Thanks, they really aren't. The first offer they make me will be terrible and we'll negotiate for close to six months, would be my guess. Still, it's nice to be appreciated. 

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My Achilles heel is that I'm terrible at getting clients. Truly awful.  I hate people so much.  But I love the law.  So I make them a #### ton of money on their clients and they'd like to extend that relationship of getting money from my work as long as possible into retirement.  Still, it will mean more money and if I can figure out how to make things work in my favor for getting clients, potentially a big future.  The firm has a lot of long-standing referring lawyers who know what having me on board in a case is worth.

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7 minutes ago, Ditkaless Wonders said:

Sounds like its time to bring on a personable young associate.  A networker with people skills.  The granddaughter perhaps of a well liked local judge.  Someone with a family name that speaks of integrity.  Someone to bring in clients.

Agreed.  Sad truth: I hate those people most of all.

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Since I was a named to SuperLawyers for the first time a few years ago I've been getting calls from the free profile.  Considering paying for an upgraded ad with them if this works out. Anyone have any experience?

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12 hours ago, Henry Ford said:

Since I was a named to SuperLawyers for the first time a few years ago I've been getting calls from the free profile.  Considering paying for an upgraded ad with them if this works out. Anyone have any experience?

I have a friend who is a successful plaintiff's lawyer and marketing/advertising is a huge part of their success (two man firm).  I would think an upgraded SuperLawyers ad is a no brainer for you. 

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  • 2 weeks later...

I'm a young lawyer under 30 who has only been practicing a few years. After a decent time spent actually looking for my first real job I was able to land a position as a residential real estate attorney and after about two years doing that I'm moving on to the next stage of my career. Got a job as an attorney for a large wireless field company for land use. I liked where I was at with residential real estate but found I really was not learning much or practicing law as much as you are just kind of showing up for closings and getting people to sign documents. Also I was beginning to get a little worried about job security with basically the refinance market dead right now. So we'll see if I made the right decision, I believe I did. A little more pay, shorter commute, no more driving 20K miles a year to closings and hopefully some valuable experience in commercial law which I think would be more valuable than residential real estate.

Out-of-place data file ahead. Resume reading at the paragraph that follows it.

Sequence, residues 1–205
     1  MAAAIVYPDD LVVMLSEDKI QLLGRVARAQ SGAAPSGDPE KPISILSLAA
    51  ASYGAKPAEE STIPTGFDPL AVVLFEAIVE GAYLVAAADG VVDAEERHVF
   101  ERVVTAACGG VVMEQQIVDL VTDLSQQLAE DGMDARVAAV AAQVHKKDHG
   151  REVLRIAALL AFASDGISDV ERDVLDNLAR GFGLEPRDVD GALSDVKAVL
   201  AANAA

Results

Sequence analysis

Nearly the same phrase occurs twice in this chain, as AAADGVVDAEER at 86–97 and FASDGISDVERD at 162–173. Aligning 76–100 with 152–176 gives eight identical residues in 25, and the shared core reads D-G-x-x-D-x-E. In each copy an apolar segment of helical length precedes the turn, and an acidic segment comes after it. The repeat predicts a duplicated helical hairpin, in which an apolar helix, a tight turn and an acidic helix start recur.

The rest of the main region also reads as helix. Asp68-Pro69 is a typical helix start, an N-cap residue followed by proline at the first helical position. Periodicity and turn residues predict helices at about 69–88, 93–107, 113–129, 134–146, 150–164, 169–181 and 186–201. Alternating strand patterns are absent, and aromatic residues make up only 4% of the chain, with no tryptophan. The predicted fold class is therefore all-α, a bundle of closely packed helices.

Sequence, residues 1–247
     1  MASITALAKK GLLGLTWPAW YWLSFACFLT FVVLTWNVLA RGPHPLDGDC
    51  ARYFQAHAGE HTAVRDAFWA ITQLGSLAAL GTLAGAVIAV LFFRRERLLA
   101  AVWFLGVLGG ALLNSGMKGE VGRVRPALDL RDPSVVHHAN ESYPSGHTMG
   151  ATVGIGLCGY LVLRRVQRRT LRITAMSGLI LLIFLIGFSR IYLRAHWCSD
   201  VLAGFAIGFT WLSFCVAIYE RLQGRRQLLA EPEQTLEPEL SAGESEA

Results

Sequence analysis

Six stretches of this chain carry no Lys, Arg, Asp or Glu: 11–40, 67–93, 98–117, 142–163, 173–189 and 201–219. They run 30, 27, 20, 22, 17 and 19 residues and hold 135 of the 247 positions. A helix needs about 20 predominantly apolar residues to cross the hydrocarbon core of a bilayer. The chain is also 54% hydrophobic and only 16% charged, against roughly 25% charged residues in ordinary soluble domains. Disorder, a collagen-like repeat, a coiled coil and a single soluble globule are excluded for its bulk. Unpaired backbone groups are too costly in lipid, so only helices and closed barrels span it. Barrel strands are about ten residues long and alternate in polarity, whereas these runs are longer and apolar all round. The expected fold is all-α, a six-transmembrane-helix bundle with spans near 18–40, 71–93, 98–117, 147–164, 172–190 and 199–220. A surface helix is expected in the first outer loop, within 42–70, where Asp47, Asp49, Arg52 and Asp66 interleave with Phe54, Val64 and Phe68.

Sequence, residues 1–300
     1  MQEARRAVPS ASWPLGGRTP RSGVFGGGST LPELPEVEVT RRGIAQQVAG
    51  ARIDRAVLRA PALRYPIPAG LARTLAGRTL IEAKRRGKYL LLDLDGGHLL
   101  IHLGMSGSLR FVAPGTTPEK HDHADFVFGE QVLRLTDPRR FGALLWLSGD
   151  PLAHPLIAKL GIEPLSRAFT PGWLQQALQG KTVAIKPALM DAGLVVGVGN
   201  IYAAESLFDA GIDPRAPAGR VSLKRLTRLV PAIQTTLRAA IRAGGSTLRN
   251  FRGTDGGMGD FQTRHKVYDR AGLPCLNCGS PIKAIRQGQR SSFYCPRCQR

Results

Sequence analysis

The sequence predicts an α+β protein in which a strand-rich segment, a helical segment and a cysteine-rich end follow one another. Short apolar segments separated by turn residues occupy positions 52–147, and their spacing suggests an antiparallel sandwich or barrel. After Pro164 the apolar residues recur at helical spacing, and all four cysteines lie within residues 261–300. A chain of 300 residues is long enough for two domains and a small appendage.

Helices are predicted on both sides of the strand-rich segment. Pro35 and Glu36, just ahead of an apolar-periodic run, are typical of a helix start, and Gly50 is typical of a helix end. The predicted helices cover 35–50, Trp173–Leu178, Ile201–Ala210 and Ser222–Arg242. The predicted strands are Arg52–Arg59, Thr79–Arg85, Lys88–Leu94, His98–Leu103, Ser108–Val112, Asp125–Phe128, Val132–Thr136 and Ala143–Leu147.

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21 hours ago, fatness said:

"The prosecution is trying to tell you my client is making this up - that spontaneous combustion isn't real.  Well, let me tell you, I... Oh my God!  Oh, my God, my pants just spontaneously combusted completely unexpectedly!  Ladies and gentlemen of the jury, I believe it is obvious, completely coincidental in this case, and definitely not pre-planned: spontaneous combustion is real.  Thank you."

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Alright team: taking the California bar exam. Based on the self-study program I designed and subsequent negotiations to bring the price down, I signed up with a test prep company so I don't have to curate all the material myself. With any luck, I'll join you all as having passed the exam at the end of summer. Appreciate the support over the years.

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5 minutes ago, Instinctive said:

Alright team: taking the California bar exam. Based on the self-study program I designed and subsequent negotiations to bring the price down, I signed up with a test prep company so I don't have to curate all the material myself. With any luck, I'll join you all as having passed the exam at the end of summer. Appreciate the support over the years.